Iyob Tsehaye, QFC research associate, has recently taken a research scientist position with the Wisconsin Department of Natural Resources (W-DNR), in Madison, WI. In his new role, Dr. Tsehaye will continue to work on Great Lakes fishery management issues, focusing on the analysis of population dynamics of commercially important fisheries and the development of assessment tools to inform their management, mainly in Lakes Michigan and Superior. During his first weeks on the job, Iyob traveled to several Great Lakes field offices in Wisconsin to meet with fishery biologists and talk about their top research priorities and specific assessment modeling and statistical/analytical needs for both lakes. In Green Bay and Sturgeon Bay, some of the priority research areas concern the management of yellow perch, lake whitefish and walleye. Continuing the assessment of yellow perch is also one of the top priority research areas southwestern Lake Michigan fishery managers, based out of Milwaukee, are facing. For Lake Superior, he discussed with fishery biologists located in Bayfield/Ashland about lake trout assessment needs, among other things. Iyob will doubtless be a valuable addition to the Wisconsin DNR research team, which also includes QFC alumnus Dr. Gretchen Hansen, and we look forward to continuing to work with him as he represents one of our important partner agencies. We will miss having Iyob here at MSU, but wish him the best of luck with his new career.
Three members of the QFC (Mike Jones, Lisa Peterson, and Norine Dobiesz) traveled to Rome, Italy this January to attend the Global Conference on Inland Fisheries. This international conference was held at the headquarters of the Food and Agriculture Organization (FAO) of the United Nations. With attendees from over 40 different countries the conference took a global, multidisciplinary approach to a variety of freshwater fisheries issues. Oral presentations and interactive discussions concluded in a group session to develop recommendations for inland fisheries policy statements. MSU was well represented, with President Lou Anna K. Simon giving the keynote address discussing a new partnership between MSU and FAO and quite a few members of the Fish & Wildlife Department giving talks and presenting posters.
The QFC was active as well with a poster and a short course. Lisa presented a poster titled “Breaking down barriers to transparent decisions: A role for structured decision-making in the management of impounded rivers” on the work she did during her time as a Fenske Fellow. Mike, Lisa, and Norine taught the Introduction to Programming in R for Fisheries Scientists workshop which had 10 participants from nearly 10 different countries. Though this was not the QFC’s first foray into teaching the course internationally, it was certainly one of the most diverse!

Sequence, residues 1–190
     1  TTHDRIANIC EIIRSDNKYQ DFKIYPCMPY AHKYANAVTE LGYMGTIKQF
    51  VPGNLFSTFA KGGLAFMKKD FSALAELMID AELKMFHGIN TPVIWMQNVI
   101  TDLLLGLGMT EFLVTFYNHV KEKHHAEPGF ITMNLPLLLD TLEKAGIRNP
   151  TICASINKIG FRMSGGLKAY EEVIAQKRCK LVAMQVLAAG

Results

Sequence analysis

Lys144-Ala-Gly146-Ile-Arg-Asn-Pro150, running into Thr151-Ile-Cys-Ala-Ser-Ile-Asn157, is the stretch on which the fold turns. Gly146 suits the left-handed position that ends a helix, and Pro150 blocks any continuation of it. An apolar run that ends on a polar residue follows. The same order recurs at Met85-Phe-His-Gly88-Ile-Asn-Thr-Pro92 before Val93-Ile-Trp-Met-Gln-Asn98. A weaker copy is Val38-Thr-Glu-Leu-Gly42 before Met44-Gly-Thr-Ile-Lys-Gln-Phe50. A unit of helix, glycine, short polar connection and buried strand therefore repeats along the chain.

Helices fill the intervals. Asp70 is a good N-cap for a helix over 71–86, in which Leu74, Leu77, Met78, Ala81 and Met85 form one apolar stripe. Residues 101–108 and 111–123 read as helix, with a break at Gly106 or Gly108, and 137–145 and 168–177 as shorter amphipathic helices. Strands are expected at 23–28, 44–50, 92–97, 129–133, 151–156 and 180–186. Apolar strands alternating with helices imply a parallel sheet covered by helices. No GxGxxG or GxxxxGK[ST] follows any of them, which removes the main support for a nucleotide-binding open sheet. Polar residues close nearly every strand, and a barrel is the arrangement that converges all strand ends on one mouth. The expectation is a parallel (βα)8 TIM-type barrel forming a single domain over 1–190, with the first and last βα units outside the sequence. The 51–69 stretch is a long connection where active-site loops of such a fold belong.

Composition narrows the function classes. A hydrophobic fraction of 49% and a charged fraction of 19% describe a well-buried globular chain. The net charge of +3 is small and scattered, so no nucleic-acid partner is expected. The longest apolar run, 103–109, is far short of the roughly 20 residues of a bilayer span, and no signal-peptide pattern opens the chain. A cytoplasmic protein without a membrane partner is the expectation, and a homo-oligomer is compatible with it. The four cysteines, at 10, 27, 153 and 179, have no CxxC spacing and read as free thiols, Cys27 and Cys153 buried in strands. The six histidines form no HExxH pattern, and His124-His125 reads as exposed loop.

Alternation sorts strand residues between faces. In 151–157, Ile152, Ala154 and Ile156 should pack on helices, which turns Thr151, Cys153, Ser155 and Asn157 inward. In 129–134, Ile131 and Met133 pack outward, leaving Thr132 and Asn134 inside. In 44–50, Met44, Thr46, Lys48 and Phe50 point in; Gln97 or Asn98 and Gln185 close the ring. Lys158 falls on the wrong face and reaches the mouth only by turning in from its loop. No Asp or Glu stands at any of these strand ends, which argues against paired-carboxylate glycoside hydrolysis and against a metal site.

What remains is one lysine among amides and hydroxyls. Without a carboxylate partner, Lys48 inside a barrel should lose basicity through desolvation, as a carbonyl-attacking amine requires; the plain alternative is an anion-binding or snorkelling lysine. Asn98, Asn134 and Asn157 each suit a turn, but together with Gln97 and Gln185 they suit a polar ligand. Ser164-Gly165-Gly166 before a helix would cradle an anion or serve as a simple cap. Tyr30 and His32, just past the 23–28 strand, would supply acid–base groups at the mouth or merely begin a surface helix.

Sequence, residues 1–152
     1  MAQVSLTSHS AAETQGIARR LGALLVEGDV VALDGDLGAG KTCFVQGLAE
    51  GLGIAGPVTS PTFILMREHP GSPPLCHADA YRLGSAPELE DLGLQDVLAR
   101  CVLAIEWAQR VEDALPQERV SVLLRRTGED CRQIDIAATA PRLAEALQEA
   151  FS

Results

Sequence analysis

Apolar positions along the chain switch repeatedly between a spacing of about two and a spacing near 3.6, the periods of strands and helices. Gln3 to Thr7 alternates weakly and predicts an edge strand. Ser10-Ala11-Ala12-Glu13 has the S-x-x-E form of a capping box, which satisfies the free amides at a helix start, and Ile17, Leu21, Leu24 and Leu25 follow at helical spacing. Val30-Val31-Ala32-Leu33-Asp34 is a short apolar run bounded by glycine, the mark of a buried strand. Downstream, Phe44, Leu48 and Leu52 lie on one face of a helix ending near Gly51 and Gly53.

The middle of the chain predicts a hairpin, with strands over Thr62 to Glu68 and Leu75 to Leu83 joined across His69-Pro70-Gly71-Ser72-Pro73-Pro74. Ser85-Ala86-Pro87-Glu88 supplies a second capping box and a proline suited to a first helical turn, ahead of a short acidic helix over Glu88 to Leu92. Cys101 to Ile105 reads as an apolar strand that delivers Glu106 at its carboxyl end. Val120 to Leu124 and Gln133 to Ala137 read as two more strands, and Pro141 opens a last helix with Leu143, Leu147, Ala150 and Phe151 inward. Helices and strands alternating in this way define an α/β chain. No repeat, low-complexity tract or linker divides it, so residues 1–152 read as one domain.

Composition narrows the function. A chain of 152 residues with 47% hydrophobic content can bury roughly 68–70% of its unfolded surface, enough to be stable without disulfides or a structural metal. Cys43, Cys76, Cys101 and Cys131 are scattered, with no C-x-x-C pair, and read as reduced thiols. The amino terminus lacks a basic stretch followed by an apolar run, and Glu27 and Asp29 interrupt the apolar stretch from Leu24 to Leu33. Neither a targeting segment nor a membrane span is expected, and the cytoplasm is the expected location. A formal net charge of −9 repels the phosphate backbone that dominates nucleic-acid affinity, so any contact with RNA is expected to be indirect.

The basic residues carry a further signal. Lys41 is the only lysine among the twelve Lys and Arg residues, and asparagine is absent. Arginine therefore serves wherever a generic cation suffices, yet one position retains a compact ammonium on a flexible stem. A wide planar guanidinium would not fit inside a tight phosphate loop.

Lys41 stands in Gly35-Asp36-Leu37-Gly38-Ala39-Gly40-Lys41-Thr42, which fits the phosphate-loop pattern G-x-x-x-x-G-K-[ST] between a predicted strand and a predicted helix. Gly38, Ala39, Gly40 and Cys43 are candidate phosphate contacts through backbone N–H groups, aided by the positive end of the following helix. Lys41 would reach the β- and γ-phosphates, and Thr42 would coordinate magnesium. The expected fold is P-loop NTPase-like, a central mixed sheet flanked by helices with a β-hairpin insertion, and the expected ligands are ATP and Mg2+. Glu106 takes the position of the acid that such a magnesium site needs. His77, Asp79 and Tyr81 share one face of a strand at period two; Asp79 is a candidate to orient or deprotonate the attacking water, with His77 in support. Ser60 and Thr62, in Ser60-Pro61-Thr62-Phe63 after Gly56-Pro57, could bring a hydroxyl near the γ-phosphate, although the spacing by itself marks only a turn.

Congratulations to our two newest graduates. Both Jared Meyers and Dave Fielder earned their Ph.D’s!
2014 was another successful and busy year for the QFC. We closed out the year with 24 staff members, including 7 Post-Doctoral Research Associates/Research Scientists, 6 Ph.D. students, 5 M.S. students, and 1 undergraduate researcher. One M.S. student (Lisa Peterson) defended her thesis research and elected to stay at the QFC to pursue a PhD. Three Ph.D. students (Chris Vandergoot, Dave Fielder, and Jared Myers) defended their PhD research; all three continue their employment with fishery management agencies in the Great Lakes region. In terms of educational opportunities, QFC staff taught 3 short courses during the year: 2 courses on the use of R at the American Fisheries Society annual meeting in Quebec and at Shanghai Ocean University and a course on risk and decision making for fisheries management at Shanghai Ocean University. The QFC also continued to offer two non-credit online courses (Maximum Likelihood Estimation for Natural Resources and Ecology, R Essentials for Natural Resource Professional). QFC staff participated in around 20 consultation/outreach projects for supporting partner agencies and were involved in 22 research projects. QFC staff authored or co-authored 23 manuscripts/completion reports/technical reports that were published or accepted for publication, including 19 peer-reviewed scientific publications. The QFC leadership continues to be very proud of the excellent group of researchers and academic staff assembled at MSU and we thank them for their hard work.
Click the links to see pictures and learn more about our new members.
The QFC is pleased to welcome Mike Jones back the the QFC full time. Previously Mike has been the Chair of the Department of Fisheries and Wildlife as well as a co-director for the QFC. Mike traded the Chair position and accepted a position as a Peter A Larkin Professor of Quantitative Fisheries. Welcome Back Mike, we are excited to see you around more!